Arrested Reporter Writes His Story

Jonathan Meador, the Nashville Scene reporter arrested along with Occupy Nashville protesters, has written up an account of the evening. Excerpts:
While waiting in line to be processed onto the idling Department of Correction bus along with the others who’d been snatched up, I started to burp up my meal from earlier in the evening — an overpriced hamburger with fries and Jack and Coke. The trooper shot me a smirk.
“Smells like you been drinkin’ tonight,” he said. A few moments later, he informed one of his comrades to cite me for public intoxication.
“You’ve got to be kidding me!” I said. At that moment I happened to notice my colleagues standing near the bus, in various stages of what I can only describe as freaking the hell out. I yelled out to them to call my editor.
…(After being arrested and listening to conversations of others arrested) Normally, such talk strikes me as the fringe ramblings of stereotypical anarchists or right-wing conspiracists. But after what happened tonight, I felt only a chill.
On and on it went, while all I could think of was getting home to bed. Abruptly, we heard cheers erupt from the women’s cell. One of them had been checking her Twitter account. She learned that the sitting magistrate — again, Tom Nelson — threw out the charges against us and demanded that we be released immediately.
Since the troopers hadn’t confiscated any of my equipment, I pulled out my phone and began clandestinely tweeting in the cell. Indeed, multiple sources were reporting that Nelson declared our detainment unconstitutional. “Can I go home now?” I tweeted. To celebrate, I gathered the men into a line and proceeded to take their picture with my smart phone.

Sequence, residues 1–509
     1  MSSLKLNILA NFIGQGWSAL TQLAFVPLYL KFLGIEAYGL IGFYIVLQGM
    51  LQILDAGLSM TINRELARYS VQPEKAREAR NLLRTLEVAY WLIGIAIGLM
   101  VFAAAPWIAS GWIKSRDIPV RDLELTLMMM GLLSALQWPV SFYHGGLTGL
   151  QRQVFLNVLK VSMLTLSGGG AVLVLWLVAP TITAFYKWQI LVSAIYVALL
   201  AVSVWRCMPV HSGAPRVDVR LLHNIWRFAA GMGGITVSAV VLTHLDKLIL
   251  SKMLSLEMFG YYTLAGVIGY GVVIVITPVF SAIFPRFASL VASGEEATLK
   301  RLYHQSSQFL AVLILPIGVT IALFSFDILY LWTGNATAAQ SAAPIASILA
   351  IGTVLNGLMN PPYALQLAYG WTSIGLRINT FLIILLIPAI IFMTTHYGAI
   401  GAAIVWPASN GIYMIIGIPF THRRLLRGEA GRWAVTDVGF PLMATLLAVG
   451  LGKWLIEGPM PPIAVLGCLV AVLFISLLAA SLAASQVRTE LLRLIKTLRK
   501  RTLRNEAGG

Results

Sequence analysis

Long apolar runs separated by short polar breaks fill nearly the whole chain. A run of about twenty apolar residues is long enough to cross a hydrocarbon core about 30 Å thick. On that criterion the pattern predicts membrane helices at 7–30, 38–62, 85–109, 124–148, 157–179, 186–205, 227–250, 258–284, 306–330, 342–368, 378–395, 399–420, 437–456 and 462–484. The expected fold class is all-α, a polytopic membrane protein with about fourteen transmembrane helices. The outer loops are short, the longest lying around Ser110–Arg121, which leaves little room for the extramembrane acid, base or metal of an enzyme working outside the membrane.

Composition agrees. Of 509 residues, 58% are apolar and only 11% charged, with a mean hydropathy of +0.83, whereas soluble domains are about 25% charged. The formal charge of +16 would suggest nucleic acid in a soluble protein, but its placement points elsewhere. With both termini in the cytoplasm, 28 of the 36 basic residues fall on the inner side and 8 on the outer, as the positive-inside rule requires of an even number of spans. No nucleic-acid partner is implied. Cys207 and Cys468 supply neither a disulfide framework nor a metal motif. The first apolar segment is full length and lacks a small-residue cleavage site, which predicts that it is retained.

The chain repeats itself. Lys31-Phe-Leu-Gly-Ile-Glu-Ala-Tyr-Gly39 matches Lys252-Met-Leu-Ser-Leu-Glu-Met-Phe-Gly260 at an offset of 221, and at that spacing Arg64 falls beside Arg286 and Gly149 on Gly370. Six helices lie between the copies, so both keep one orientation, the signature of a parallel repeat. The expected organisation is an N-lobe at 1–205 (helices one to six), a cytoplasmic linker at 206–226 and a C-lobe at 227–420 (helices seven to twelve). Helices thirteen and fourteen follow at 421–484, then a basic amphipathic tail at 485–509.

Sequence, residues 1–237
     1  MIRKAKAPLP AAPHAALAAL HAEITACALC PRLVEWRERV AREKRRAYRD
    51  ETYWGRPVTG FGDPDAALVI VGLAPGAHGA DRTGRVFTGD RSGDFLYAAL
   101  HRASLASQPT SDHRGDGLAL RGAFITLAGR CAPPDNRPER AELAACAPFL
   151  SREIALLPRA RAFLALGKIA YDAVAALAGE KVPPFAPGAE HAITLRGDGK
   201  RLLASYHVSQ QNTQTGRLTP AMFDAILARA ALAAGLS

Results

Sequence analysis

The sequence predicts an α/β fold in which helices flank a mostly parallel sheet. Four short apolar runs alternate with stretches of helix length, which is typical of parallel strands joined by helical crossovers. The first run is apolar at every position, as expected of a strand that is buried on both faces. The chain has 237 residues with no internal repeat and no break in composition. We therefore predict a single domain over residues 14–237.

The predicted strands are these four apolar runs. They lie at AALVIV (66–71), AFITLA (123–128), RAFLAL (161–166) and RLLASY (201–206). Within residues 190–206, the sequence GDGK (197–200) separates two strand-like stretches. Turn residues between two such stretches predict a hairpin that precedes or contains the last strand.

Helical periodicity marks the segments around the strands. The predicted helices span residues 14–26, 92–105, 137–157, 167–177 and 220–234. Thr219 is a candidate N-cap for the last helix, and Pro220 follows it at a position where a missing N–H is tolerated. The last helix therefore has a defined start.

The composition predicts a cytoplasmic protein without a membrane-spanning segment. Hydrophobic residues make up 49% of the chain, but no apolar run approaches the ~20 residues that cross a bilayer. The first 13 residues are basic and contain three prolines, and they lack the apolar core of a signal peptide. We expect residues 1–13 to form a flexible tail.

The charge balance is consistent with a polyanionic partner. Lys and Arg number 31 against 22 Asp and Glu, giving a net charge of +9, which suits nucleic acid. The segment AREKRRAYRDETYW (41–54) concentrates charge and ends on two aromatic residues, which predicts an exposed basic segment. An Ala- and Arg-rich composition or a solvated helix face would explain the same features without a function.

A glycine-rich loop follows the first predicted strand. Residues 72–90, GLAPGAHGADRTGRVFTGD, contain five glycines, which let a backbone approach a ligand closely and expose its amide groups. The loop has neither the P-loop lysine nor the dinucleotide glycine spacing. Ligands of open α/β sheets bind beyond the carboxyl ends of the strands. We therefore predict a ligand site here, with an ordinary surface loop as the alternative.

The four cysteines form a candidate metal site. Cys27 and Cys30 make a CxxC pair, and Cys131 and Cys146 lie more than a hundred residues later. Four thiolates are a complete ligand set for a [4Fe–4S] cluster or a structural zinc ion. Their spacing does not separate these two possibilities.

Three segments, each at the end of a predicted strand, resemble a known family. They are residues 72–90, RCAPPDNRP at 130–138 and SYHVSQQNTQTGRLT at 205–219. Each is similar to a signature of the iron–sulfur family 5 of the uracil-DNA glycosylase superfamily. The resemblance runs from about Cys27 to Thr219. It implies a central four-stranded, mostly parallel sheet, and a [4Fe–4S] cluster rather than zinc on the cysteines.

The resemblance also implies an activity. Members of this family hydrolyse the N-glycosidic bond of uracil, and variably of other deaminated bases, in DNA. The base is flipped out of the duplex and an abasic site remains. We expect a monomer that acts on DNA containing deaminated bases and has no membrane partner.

“All right,” I said. “Say, ‘Bill Haslam!’ ”
It was a stupid act of bravado, though. When I attempted to upload the picture to the Internet, one of the guards caught me. “Hey!” he shouted. “You can’t be playin’ with that in here!”
He attempted to take it from me and I pulled it back. That was a bad idea. The guard smacked the phone out of my hand, and it ricocheted off the concrete cell wall. “You know I could charge you with a felony for that?” he screamed. “That’s contraband! You’re not supposed to have that in here! That’s a felony!”
Everyone was quiet. I didn’t feel so brave now. I said I hadn’t been searched. I said nothing of mine had been confiscated. I even pointed out no one had told me the items were illegal.
“I know your little buddy, this guy, here was here last night,” he said, pointing to one of the men who’d been arrested in the previous night’s raid. “He knows better. He shoulda told you. I know he knows better.”
“Nobody said anything,” I said. “I’m sorry. I didn’t know.”
For a moment the guard stood there. He turned around and picked up my phone, which, surprisingly, was intact. He handed it back to me.
“Since these are … special circumstances,” he shouted, “I’m going to give this back to you. But don’t play with it again!”
I thanked him. I slid the phone into my laptop bag. My cellmates started laughing when he left the room.

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